Although the present invention has been described thus far with reference to printing using a laser beam or beams, it will be appreciated that the concept of using different size dots to produce dot matrix characters with smooth edges and improved character appearance is equally applicable to other types of dot matrix printers. An example of such other types of printers is an ink jet printer. In an ink jet printer, drops of ink are ejected from orifices in an ink head which is closely spaced from a record medium, such as a sheet of paper, on which characters are formed by combining a plurality of dots. Different dot sizes may be used to obtain characters with smooth edges. For example, in one technique for ink jet printing, ink is supplied at low pressure, usually of the order of several inches of water, to a capillary tube that terminates at an orifice. An impulse generator, such as a piezo-electric device, is used to cause a pressure pulse through the capillary tube to the orifice and thus eject a drop of ink. Usually a print head will contain any array of orifices, each being supplied with ink through a capillary tube and being its own impulse generator. Electrical control over the impulse generators allows the formation of characters on a record member by the formation of dots. By varying the electrical control, dots of different sizes may be used to create characters with refined edges.
Such an ink jet printer is shown in FIG. 3. An ink cartridge 70 containing ink 72 therein is connected to an ink filter 74 which in turn is connected to an ink manifold 76. A plurality of generally vertically spaced capillary tubes 78 are confluent with the manifold 76 and have orifices, or nozzles, 80 at one end thereof which addresses a record member 81 and transducers 82, which may be piezoelectric devices, at the other end thereof. The manifold 76, capillary tubes 78, nozzles 80 and transducers 82 define a print head 83. A plurality of electrical leads 84 are connected to the transducers 82, there being one lead for each transducer 82 and a ground lead. The electrical leads are connected to a microcomputer 86 which in turn is connected to a look-up table 88 and a BCD input 87. With this arrangement, an input signal is received, as for example in the form of ASCII code. The microcomputer 86 will control the transducers 82 to eject drops of ink onto the record medium 81 in accordance with information stored in the look-up table 88 and the BCD input. More specifically, the input signal indicates the character to be printed and the look-up table indicates how the character is to be formed in terms of distribution of dots and the size of dots.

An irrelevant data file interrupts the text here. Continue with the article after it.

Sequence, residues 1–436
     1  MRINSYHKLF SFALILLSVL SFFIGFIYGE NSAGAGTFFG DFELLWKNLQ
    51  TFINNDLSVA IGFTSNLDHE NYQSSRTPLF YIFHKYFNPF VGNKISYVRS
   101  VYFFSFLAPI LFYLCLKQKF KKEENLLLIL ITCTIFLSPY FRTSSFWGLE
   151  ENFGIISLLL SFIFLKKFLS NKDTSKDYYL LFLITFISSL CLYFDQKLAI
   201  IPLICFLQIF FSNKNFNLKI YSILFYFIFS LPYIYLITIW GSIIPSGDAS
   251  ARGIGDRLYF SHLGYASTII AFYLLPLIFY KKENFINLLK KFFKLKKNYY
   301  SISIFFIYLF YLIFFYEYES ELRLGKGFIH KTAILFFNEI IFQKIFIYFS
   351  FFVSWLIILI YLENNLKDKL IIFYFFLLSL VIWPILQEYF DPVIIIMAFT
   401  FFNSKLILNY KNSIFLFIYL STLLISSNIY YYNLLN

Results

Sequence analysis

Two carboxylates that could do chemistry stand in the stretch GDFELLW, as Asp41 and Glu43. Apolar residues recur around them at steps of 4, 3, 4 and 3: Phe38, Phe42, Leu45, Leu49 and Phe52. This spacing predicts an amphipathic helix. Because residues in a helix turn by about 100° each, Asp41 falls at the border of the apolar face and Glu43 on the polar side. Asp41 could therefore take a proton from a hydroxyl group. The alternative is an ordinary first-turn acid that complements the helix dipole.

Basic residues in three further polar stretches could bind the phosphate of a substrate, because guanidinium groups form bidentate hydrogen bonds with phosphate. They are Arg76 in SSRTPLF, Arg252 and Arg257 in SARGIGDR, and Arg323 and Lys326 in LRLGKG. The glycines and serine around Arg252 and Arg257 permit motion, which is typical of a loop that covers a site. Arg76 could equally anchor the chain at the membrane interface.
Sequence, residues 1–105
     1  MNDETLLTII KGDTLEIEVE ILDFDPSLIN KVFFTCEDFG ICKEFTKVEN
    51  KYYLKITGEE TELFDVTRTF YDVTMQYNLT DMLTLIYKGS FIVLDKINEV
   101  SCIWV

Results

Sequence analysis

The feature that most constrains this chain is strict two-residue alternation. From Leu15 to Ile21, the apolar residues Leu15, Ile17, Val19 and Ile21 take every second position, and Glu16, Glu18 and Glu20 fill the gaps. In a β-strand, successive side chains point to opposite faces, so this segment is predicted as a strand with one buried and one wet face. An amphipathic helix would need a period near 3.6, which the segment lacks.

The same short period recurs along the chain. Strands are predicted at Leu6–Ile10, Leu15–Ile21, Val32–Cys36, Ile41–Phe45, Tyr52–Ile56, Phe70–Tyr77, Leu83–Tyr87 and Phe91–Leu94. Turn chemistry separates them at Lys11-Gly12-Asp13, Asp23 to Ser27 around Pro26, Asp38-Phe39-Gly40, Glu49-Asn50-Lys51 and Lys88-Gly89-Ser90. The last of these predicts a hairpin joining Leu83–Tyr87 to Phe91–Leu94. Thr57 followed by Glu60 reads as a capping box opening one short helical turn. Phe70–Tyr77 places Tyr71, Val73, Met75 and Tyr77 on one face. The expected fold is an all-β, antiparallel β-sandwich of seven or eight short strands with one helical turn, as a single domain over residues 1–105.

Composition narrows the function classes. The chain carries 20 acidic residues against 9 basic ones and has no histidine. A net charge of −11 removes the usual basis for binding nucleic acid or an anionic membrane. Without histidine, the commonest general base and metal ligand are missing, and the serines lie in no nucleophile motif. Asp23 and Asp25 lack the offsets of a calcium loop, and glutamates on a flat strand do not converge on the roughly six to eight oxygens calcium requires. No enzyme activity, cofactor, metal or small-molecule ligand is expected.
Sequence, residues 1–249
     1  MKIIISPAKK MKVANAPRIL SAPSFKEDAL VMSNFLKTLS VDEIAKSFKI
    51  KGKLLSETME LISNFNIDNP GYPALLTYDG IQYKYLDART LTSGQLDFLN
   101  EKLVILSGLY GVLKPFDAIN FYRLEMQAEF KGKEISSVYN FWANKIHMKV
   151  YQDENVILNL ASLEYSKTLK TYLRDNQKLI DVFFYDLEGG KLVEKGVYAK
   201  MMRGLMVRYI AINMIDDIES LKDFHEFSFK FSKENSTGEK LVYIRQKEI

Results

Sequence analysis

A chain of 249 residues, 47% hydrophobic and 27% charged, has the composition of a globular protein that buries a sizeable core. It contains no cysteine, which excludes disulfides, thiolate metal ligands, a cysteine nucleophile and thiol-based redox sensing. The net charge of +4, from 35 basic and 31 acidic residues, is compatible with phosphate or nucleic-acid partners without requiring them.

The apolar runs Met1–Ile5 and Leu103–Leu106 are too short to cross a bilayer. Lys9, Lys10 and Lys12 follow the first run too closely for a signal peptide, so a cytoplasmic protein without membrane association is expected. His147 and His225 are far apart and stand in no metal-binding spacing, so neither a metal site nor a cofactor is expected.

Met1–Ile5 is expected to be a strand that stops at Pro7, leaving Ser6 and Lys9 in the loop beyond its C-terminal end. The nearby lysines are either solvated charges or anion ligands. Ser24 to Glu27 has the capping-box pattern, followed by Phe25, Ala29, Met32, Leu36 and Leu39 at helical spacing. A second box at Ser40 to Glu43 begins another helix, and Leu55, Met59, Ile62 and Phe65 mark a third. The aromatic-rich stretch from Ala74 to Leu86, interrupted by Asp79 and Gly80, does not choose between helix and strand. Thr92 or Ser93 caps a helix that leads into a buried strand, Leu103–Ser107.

Referring now to FIGS. 4a-4c and FIG. 5, the look-up table 88 is described and shown containing bit maps that are located at various addresses of the loop-up table. Each character to be printed has three bit maps containing information which when combined will form a character. The letter "A" is exemplified in FIGS. 4a-4c and FIG. 5. FIG. 4a represents a map containing locations for the small dots that are to be produced to make up the letter "A". FIG. 4b represents a map containing locations for the intermediate size dots and FIG. 4c is the same for the large size dots. FIG. 5 shows the results of combining the information of these three maps for producing a dot matrix pattern of different sizes to create the character "A". It will be observed that by using ink droplets of different sizes, a refined character having smoothed edges is produced. Obviously, this is repeated for all the characters to be printed. When the ASCII code supplied through the input 87 indicates that the letter "A" is to be produced, the microcomputer 86 will search the look-up table and supply signals to the leads 84 to produce ink drops of the required sizes. It will be appreciated that a parameter of the signals supplied to the transducers 82 will be varied so as to enable such transducers to cause different size ink droplets to be ejected from the orifice 80.
Referring to FIG. 6, a xerographic apparatus, or printer, is diagrammatically shown generally at 90 that is capable of utilizing the instant invention. The apparatus 90 includes an endless belt 92 that has a photoconductive surface 94 on the outer surface thereof. The belt 92 is trained about a roller 96 and a drum 98, either one of which may be driven for the purpose of rotating the photoconductive belt in a closed path. The photoconductive belt 92 would be of a generally known type comprising a substrate such as mylar with a first layer of thin aluminum and a second layer of photoconductive material 94 disposed on the outer surface thereof. Such photoconductive surface 94 may be zinc oxide, cadmium sulfide or an organic substance having photoconductive properties. As seen in FIG. 6, the photoconductive belt 92 would be rotated in a clockwise direction.